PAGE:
Xavier Dolan, where you least expect him

Since the success of I killed my mother, which propelled him to the rank of international superstar, Xavier Dolan has rarely put his career on hold. Between 2009 and 2019, he directed eight feature films, toured major festivals, acted in his films and those of others and lent his voice to a multitude of characters.

However, like many artists, the pandemic has forced him to slow down his frantic pace. It worked, of course, but differently.

“I was lucky not to go around in circles waiting for the phone to ring. This interruption of our lives still allowed me to sit down and think, to question myself, to do things more slowly and for longer. It was good for the artist and the man, at all levels. »

It was first his acting talents that were called upon, with the filming oflost illusions, directed by French filmmaker and screenwriter Xavier Giannoli. Adapted from a novel by Honoré de Balzac, the film will land on screens in Quebec on February 25. An ambitious fresco on the disappointed ambitions and naivety of youth, the work offers an incursion into the corrupt and misinformed backstage of the journalistic and artistic milieu of Paris in 1820.

In addition to providing the narration, Xavier Dolan plays Raoul Nathan, a respected author, an ardent defender of art, able to stand above shenanigans and compromises. His performance also earned him a nomination at the prestigious César ceremony.

The actor had no problem swapping his director’s hat to surrender to the direction of Xavier Giannoli. “There is a kind of twinning between us. From our first meeting, the friendly and artistic affinities were obvious. On set, I deeply admired his work and his scholarship. Xavier is an exceptional conductor, who knows how to lead all departments in unison to create his universe; a true artist in possession of his languages, his intellectual and artistic means. »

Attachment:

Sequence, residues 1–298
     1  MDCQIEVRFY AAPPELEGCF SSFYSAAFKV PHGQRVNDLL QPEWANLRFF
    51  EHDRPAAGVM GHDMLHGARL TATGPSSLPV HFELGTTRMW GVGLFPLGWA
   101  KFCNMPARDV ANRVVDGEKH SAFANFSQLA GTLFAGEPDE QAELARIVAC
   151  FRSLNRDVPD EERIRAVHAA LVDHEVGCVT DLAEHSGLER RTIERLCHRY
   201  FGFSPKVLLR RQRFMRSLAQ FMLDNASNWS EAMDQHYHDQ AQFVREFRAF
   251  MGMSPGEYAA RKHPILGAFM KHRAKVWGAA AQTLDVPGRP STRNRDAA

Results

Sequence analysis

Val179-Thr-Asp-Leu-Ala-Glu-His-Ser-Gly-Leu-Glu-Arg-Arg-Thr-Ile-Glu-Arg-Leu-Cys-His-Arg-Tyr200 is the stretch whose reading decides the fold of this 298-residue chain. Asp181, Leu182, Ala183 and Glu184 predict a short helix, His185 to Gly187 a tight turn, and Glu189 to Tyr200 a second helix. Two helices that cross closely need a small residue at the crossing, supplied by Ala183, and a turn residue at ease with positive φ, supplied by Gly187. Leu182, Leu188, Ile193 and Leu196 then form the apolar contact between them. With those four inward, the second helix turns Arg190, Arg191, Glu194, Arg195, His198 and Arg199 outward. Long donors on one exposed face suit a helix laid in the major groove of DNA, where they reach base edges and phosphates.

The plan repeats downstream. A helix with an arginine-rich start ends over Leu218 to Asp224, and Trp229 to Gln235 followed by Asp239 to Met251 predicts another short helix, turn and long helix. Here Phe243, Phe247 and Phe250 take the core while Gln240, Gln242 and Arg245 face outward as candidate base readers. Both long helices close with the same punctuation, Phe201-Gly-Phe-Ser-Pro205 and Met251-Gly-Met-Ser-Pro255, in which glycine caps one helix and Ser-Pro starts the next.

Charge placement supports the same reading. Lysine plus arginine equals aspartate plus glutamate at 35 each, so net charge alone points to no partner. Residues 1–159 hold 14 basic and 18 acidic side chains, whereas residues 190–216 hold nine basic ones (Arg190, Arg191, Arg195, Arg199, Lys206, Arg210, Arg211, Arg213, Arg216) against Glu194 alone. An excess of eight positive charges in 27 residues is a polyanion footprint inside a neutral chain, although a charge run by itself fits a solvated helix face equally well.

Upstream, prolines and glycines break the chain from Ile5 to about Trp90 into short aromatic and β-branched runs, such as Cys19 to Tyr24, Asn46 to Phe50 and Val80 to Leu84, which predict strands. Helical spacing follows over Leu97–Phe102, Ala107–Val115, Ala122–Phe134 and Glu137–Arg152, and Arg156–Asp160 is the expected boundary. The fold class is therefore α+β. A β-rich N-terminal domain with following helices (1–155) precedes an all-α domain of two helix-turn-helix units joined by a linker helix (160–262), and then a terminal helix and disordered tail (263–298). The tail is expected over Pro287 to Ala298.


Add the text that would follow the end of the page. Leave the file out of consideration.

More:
Foray into the small screen

After an initial postponement caused by health restrictions, Xavier Dolan also completed the filming of his first series this summer, an adaptation of the play The night Laurier Gaudreault woke up by Michel-Marc Bouchard. Expected this fall, this project is the filmmaker’s second foray into the playwright, after his brilliant adaptation of Tom at the farmAt the movie theater.

Presented in 2019 at the Théâtre du Nouveau Monde, the play tells the story of the return to the fold of a famous thanatologist after a long exile. Returning to her native village to embalm her mother, she is confronted with painful memories that threaten to upset the fragile family balance.

Xavier Dolan immediately knew that he wanted to make this work his next project. Hard to be surprised; his filmography is full of themes related to the difficulty of communicating and the return of characters at odds with a past they have tried to reject. “The piece is a camera that takes place in one and the same environment: an embalming room where characters meet and talk about each other. These elements of the past, which are only mentioned, seemed to me fertile ground to deploy my creativity. »

The television medium therefore allows the artist to explode the constraints of space-time and to make concrete the joys and wanderings of childhood, the buried secrets and the wounds that gnaw and consolidate the different characters. “It was obvious to me that we had to get out of the playing field that Michel Marc Bouchard had created for himself to show the past. After all, the play is called “The Night When…”, a night that takes place 25 years before the time the play is set. It was really interesting to recreate the 1990s, to bring characters only mentioned to life, to dive into the heart of the tragedy. »

The director had long cherished the dream of putting his talent at the service of the small screen. “What attracts me is the fact of being able to tell things more in depth, to take the time to present the characters, to follow them, expose them, understand them. In the cinema, you sometimes have to cut corners, say things quickly to capture interest. With television, I have the impression that people sit comfortably in their living room, and calmly wait to be interested. »

Always in turmoil, Xavier Dolan has no shortage of ideas and exciting challenges for the future. The artist, stingy with details, mentions among his next projects an American series, as well as a horror film set in the 19th century.and century. One thing is certain: he remains determined to move forward, to create, to think and to renew himself, to better land where no one expects him.

To see in video